KITCHENER, Ontario (AP) — Bill Cosby got a standing ovation from polite Canadian fans at the end of his first show since November, but protesters outside braved below-freezing weather to shame the ticket-holders as they streamed in.
Cosby's show in Kitchener was the first of three performances planned in Canada's Ontario province and come in the wake of sexual assault allegations from more than 15 women. The entertainer saw at least 10 performances get canceled on his North American tour.
Wearing a sweater saying "hello friend," Cosby climbed the stage decorated with two giant posters of him with Nelson Mandela. Some in the audience gave loud whoops but the reception was subdued compared to the standing ovation at his last stage performance in Florida.
"First of all thank you," Cosby said to the audience before starting his routine with some cold weather jokes.
There were no disruptions during the performance and the crowd laughed throughout.
"I had a wonderful time," Cosby said before leaving to a standing ovation.
Some ticket-holders had said they would boycott the performance, and the 2,000-seat venue was about two-thirds full. Several police officers and private security guards were posted throughout.
Outside the Centre in the Square, more than a dozen protesters came out in sub-freezing temperatures, carrying signs saying "rape is no joke." Some shouted "you support rape" and "shame on you" at fans. A few protesters blocked the doors of the venue until being asked to leave by security.
But fans defended Cosby as they arrived.
"I'm skeptical of all the accusations," said Gerald Reinink. "I always loved Cosby, good family humor. Why are 20 women coming out now when it's 20, 30 years ago?"
Dan Emerson said he was glad there were no hecklers inside the venue.
"Innocent until proven guilty. I'm hope it's not true and until I know otherwise I love him to death," Emerson said.
Cosby, 77, is also scheduled to appear at the Budweiser Gardens in London on Thursday and at the Hamilton Place Theatre in Hamilton on Friday.
The comedian, who starred as Dr. Cliff Huxtable on "The Cosby Show" from 1984 to 1992, earning a reputation as "America's Dad," has never been charged in connection with any of the sexual assault allegations. A 2005 lawsuit by a Pennsylvania woman was settled before it went to trial, and he is being sued by a woman who claims he molested her in 1974 and by three other women who allege they were defamed by the comedian when his representatives denied some of the allegations.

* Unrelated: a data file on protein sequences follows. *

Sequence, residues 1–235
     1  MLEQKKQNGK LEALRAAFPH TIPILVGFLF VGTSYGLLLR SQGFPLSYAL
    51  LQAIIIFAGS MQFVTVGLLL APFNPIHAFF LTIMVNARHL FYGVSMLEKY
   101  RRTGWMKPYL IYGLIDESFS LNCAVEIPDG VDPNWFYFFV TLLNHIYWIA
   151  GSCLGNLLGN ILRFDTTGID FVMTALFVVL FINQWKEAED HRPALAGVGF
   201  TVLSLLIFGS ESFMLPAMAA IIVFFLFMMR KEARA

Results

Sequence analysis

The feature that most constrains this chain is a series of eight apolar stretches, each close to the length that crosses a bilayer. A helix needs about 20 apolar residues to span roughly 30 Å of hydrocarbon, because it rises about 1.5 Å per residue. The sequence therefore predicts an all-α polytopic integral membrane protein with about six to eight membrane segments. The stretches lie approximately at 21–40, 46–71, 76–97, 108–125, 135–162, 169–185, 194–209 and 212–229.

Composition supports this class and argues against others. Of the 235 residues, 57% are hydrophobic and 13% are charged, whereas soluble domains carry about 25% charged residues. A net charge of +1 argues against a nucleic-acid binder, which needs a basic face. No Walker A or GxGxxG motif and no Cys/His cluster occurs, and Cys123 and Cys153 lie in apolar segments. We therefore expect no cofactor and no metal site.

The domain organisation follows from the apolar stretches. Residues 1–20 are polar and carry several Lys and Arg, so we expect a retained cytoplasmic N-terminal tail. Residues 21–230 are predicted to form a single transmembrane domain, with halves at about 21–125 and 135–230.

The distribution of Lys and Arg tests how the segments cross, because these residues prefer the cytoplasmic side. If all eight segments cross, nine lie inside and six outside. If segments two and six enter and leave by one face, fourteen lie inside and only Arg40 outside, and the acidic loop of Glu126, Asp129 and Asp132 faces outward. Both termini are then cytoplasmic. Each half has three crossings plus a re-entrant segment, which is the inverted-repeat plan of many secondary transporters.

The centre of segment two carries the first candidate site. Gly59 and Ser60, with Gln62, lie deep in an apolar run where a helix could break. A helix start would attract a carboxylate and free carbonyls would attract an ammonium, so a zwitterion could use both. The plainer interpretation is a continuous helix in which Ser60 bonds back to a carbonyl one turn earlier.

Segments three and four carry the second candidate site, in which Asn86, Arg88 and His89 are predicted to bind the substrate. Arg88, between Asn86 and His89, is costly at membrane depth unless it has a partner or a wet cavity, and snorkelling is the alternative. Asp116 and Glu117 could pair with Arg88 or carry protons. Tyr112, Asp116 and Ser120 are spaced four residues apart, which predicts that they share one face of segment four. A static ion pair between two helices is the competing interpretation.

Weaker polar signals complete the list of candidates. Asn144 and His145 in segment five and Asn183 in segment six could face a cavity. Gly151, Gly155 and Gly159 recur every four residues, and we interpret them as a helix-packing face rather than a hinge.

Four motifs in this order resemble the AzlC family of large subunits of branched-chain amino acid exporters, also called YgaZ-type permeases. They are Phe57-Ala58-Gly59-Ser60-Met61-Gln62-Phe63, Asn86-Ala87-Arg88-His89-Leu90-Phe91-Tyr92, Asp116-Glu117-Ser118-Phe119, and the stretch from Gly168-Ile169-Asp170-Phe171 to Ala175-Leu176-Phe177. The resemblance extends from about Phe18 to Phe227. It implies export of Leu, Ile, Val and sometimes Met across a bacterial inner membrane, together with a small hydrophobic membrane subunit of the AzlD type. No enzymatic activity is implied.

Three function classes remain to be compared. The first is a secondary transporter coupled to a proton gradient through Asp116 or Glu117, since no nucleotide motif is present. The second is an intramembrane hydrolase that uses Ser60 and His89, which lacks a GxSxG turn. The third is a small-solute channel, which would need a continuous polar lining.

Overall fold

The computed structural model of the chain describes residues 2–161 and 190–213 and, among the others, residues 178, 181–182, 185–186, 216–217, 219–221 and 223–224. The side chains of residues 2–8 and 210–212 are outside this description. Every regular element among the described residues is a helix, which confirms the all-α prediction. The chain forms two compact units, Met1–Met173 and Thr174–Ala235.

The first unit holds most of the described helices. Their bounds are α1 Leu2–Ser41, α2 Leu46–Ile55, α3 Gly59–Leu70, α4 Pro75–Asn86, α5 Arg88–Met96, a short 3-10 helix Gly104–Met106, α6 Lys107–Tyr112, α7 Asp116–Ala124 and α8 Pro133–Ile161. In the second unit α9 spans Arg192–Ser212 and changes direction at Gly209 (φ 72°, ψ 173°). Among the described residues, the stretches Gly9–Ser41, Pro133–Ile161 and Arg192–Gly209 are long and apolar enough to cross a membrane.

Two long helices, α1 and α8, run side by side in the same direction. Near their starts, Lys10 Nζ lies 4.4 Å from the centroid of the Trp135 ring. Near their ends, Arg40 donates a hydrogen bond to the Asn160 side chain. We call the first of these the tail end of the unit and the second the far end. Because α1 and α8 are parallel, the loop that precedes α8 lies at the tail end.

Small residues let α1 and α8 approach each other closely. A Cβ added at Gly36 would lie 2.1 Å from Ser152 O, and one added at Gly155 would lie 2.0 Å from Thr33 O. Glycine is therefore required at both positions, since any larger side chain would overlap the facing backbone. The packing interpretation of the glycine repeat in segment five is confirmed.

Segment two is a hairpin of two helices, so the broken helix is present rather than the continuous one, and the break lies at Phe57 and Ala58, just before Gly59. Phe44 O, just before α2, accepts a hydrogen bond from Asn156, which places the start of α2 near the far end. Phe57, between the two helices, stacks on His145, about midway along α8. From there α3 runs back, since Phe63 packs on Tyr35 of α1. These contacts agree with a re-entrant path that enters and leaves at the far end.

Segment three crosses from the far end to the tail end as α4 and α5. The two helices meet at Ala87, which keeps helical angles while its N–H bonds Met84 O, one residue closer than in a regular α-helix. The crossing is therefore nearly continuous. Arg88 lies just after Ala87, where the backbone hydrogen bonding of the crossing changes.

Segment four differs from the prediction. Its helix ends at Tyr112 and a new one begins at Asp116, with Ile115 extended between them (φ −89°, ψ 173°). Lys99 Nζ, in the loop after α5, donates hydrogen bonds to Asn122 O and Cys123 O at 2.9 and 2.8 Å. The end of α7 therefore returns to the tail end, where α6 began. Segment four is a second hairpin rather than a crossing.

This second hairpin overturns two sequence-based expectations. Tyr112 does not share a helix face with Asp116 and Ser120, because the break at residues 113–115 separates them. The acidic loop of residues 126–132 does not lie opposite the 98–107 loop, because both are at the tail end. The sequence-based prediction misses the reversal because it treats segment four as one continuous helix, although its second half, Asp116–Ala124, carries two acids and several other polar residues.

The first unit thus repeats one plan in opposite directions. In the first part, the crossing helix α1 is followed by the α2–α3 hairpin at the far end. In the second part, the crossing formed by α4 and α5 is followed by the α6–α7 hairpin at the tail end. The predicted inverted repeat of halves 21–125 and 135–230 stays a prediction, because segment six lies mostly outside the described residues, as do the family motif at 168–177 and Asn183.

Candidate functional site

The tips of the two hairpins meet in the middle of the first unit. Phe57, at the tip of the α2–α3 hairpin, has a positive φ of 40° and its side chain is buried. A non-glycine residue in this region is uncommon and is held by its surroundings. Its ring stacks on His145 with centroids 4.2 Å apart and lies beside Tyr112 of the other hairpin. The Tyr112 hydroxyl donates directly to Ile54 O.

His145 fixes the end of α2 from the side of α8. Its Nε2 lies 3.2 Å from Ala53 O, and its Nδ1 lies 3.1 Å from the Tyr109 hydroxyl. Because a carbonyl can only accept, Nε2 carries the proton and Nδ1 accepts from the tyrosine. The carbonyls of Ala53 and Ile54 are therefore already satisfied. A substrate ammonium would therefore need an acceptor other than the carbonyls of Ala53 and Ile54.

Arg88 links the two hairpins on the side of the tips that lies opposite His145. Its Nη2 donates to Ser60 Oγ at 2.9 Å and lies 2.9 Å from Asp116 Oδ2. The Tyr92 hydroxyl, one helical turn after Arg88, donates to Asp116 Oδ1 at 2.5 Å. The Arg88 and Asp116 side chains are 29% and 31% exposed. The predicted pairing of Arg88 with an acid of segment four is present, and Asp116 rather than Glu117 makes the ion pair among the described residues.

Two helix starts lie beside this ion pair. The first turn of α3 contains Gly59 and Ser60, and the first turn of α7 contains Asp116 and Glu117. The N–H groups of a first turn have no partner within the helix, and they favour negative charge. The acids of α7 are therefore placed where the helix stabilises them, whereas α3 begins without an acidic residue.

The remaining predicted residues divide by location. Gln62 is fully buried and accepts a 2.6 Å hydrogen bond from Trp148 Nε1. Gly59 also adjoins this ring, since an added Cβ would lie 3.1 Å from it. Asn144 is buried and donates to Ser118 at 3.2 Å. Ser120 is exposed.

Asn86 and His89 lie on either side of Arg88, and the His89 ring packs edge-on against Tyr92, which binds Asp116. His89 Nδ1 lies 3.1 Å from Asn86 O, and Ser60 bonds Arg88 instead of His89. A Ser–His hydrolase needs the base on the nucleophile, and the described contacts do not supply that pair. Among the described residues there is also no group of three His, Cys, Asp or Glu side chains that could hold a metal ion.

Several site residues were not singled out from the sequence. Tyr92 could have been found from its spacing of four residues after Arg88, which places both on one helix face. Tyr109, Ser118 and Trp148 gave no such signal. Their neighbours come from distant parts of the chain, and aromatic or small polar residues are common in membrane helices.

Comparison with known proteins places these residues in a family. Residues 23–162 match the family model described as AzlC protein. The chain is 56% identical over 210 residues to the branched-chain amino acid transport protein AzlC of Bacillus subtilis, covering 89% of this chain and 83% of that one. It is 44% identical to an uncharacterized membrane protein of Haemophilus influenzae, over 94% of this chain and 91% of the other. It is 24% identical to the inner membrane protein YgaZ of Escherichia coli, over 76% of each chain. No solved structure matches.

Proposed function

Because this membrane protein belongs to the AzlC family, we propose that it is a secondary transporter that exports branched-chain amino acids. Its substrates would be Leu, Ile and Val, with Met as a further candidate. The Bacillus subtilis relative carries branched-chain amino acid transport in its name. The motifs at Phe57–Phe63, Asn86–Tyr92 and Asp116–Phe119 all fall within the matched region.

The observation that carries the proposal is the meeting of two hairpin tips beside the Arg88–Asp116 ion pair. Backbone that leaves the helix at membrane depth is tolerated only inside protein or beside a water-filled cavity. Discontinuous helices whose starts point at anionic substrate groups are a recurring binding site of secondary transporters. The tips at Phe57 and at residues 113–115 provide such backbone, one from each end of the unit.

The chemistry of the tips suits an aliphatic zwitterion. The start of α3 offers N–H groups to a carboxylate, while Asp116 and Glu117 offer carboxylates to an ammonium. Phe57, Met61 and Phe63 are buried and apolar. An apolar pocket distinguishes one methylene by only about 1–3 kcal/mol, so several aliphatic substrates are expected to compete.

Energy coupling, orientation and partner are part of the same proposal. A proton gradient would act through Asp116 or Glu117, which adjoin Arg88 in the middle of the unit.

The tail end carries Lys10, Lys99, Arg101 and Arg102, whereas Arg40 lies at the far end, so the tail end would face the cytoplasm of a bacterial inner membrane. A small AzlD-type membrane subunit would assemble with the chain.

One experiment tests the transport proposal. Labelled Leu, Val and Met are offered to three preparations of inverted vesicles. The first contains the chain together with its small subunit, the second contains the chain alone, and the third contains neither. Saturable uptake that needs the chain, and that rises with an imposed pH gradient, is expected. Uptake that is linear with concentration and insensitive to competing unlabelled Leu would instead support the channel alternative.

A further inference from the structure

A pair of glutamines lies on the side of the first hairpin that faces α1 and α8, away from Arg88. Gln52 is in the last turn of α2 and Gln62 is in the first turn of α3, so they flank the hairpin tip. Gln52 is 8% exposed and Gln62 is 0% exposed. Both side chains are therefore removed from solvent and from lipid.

Most of the women say he drugged them before he assaulted them.
Hours before Cosby took the stage, attorney Gloria Allred said three more women are accusing the comedian of drugging and sexually assaulting them in Las Vegas or Los Angeles between 1981 and 1996. Allred said at a news conference in Los Angeles that the accusations are too old for criminal charges or lawsuits.
Phylicia Rashad, who played Cliff Huxtable's wife Claire on the Cosby Show, defended her co-star in an interview Wednesday with ABC World News Tonight. Rashad said she believed the allegations are part of a campaign to ruin Cosby's legacy.
"He's a genius. He is generous, he's kind, he's inclusive," said Rashad, who first spoke to Roger Friedman earlier this week for his Showbiz911 blog. "This is not about the women. This is about something else. This is about the obliteration of legacy."
The show in Kitchener was Cosby's first since Nov. 21 in Melbourne, Florida, where he was greeted by an adoring audience.
Kitchener Mayor Berry Vrbanovic said he would attend an alternative event that was organized to raise awareness of sexual assault at the same time as Cosby's show.
Aatif Baskanderi said he put his six tickets up on the online site Kijiji after he and his family decided they couldn't go in light of the allegations. He said six tickets that cost $600 went for just $220. He said they tried to get a refund but couldn't.
Baskanderi, whose family is of Pakistani origin, said his family had looked up to Cosby because his TV show portrayed professional minorities in a positive light.
"We grew up watching the "The Cosby show" as an illustration of civil rights," he said. "It feels like no one is treating these women seriously. It kind of goes against what we connected to the "The Cosby show" as being representative of civil rights. It turned us off."
Associated Press writer Frazier Moore in New York contributed to this story.